Year-End Family Tax Planning Strategies for 2021

December 1, 2021
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Your marital and family situations should definitely factor in when it comes to your year-end tax planning for 2021. There are family tax planning strategies you can implement now to take advantage of current tax codes. In addition, there are steps you can take to prepare for new tax codes in 2022.

If you are getting married, divorced, having children, removing dependents from your tax return, or giving tax-free gifts to family members, you’ll want to consider all family issues as part of your year-end tax planning. Here are a few ideas we recommend:

1. Put Children on Payroll

If you own a business that’s structured as a Schedule C sole proprietorship or spousal partnership and have children under the age of 18, you should consider putting your child(ren) on your payroll. First of all, neither you nor your child would have to pay payroll taxes on their income. Second, the child can avoid all federal income taxes on up to $18,550 in income if a traditional IRA is established.

Corporation owners can still benefit from putting children on the payroll with various tax advantages, though you and the child will be paying payroll taxes.

2. Get Divorced After December 31

If you are getting a divorce, wait until after December 31 to finalize it. The marriage rule for taxes is simple. If you are married on December 31, you are considered married for the entire tax year. In most cases, this will allow you to file jointly and take advantage of married tax benefits. This strategy may not work for everyone, so it’s a good idea to consult with your tax advisor to determine the ideal divorce date.

The Tax Cuts and Jobs Act (TCJA) of 2017 changed the tax treatment of alimony payments under divorce and separate maintenance agreements executed after December 31, 2018. Under the new rules, the spouse paying the alimony gets no tax deduction and the recipient does not recognize the payments as taxable income. 

3. Stay Single to Increase Mortgage Deductions

Two single people are able to deduct more mortgage interest than a married couple. If you own a home with someone other than a spouse, and you bought it on or before December 15, 2017, you can individually deduct mortgage interest on up to $1 million of a qualifying mortgage.

For example, let’s say you and your unmarried partner live together and own the home together. In this situation, the mortgage ceiling on tax deductions for the two of you is $2 million ($1 million each). Once married, that ceiling drops to $1 million total. The TCJA reduced the deductible mortgage limit to $750,000 for any house purchased after December 15, 2017. The maximum mortgage deduction for two single people would then be $1.5 million total ($750,000 each).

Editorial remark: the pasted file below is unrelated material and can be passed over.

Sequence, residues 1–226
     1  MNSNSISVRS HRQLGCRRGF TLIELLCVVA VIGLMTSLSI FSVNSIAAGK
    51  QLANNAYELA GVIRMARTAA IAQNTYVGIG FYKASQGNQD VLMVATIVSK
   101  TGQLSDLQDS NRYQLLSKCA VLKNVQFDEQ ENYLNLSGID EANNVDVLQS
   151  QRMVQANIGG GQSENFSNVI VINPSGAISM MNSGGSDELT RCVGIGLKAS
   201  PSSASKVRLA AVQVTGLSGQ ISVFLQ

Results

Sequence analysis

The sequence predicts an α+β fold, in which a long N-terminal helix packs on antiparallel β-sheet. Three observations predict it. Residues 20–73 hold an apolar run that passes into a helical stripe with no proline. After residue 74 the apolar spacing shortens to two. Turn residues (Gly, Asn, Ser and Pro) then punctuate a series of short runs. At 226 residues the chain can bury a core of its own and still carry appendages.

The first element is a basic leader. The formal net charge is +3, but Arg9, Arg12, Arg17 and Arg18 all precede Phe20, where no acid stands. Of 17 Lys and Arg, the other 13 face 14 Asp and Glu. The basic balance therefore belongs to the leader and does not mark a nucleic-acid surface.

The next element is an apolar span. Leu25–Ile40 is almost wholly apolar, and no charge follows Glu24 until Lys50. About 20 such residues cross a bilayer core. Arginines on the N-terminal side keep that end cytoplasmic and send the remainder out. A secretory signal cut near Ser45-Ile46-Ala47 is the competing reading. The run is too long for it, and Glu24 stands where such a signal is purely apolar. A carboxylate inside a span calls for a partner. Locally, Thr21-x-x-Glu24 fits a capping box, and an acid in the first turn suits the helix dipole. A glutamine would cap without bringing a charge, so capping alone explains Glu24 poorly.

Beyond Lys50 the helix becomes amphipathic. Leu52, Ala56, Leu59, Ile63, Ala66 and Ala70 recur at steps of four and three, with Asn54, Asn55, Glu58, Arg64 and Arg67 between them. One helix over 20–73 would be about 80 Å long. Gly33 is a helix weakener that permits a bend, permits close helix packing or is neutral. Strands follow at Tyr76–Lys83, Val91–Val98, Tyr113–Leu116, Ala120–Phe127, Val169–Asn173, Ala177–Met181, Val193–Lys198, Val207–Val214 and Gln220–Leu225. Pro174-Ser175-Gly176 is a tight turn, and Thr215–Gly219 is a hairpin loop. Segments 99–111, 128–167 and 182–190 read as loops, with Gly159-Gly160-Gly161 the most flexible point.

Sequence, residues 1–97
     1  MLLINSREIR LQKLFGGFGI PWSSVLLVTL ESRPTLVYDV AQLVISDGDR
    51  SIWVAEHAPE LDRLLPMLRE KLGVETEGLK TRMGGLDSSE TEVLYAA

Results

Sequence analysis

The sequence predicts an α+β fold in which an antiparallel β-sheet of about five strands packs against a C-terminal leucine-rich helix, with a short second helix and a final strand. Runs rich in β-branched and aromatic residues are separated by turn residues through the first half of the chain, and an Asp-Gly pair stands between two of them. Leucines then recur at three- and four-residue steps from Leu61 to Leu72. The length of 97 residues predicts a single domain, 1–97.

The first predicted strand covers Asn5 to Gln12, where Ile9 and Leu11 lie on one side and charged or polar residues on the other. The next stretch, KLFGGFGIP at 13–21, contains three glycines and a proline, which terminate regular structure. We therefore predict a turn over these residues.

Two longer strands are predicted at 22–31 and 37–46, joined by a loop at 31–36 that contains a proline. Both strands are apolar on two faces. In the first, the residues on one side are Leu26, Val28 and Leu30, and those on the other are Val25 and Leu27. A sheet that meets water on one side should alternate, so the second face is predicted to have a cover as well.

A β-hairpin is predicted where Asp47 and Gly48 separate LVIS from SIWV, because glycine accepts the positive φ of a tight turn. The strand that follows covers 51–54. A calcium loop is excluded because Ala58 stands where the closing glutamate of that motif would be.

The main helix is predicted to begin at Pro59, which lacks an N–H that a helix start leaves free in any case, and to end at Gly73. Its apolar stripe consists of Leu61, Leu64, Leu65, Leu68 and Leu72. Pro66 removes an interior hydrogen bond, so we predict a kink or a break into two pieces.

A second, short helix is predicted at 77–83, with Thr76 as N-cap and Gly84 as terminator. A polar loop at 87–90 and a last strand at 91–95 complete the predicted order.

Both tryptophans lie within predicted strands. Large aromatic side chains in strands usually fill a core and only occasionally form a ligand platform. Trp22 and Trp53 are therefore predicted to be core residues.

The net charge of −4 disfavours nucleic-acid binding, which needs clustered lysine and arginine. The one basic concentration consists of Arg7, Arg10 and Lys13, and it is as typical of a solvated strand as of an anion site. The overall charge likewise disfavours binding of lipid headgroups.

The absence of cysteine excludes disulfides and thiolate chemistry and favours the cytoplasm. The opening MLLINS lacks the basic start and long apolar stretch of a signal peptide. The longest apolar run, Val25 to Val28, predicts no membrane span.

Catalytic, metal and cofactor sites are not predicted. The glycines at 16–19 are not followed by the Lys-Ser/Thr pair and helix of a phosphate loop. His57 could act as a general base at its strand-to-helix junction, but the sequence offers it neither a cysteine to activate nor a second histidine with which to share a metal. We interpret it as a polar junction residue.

4. Get Married On or Before December 31

Remember the marriage rule mentioned earlier? If you are married on December 31, you are considered married for the entire year. If you are planning to get married early in 2022, you may want to rethink the date or at least get legally married before the end of 2021. Save the big ceremony for next year if you want. The IRS offers better tax savings for married couples on their 2021 tax returns. Again, consult with your tax advisor to see if this is a strategy worth pursuing. If the numbers work out, it may make sense to get married now.

5. Make Use of the 0% Tax Bracket

The “kiddie tax” now applies to students up to the age of 24, so college students are no longer part of this strategy. However, you can still take advantage of the 0% tax bracket rules if you give money to parents or other loved ones to help with living expenses. This works if the recipient is in the 0% capital gains tax bracket, which applies to single people with less than $40,400 in taxable income and married couples making less than $80,800.

The strategy is to give them appreciated stock rather than cash. They can sell the stock and both of you would avoid having to pay capital gains taxes. It’s a win-win situation that benefits both parties.

Just remember that the amount of stock you gift will still count against your $11.7 million lifetime estate tax exemption if you are single. If you are married, you will have more flexibility in your gifting. You may not have to deal with any gift tax concerns, depending on the amount you gift.

Family tax planning can be advantageous if you understand tax laws and know when and how to benefit from specific tax planning strategies. The end of the year is the ideal time to make some important moves. Talk with your financial advisor or tax specialist to determine which year-end tax strategies make the most sense for you and your family.

Contact Illumination Wealth today for help with all your wealth management, tax planning, business planning and financial planning needs. Let our team of expert advisors guide you on the road to financial independence.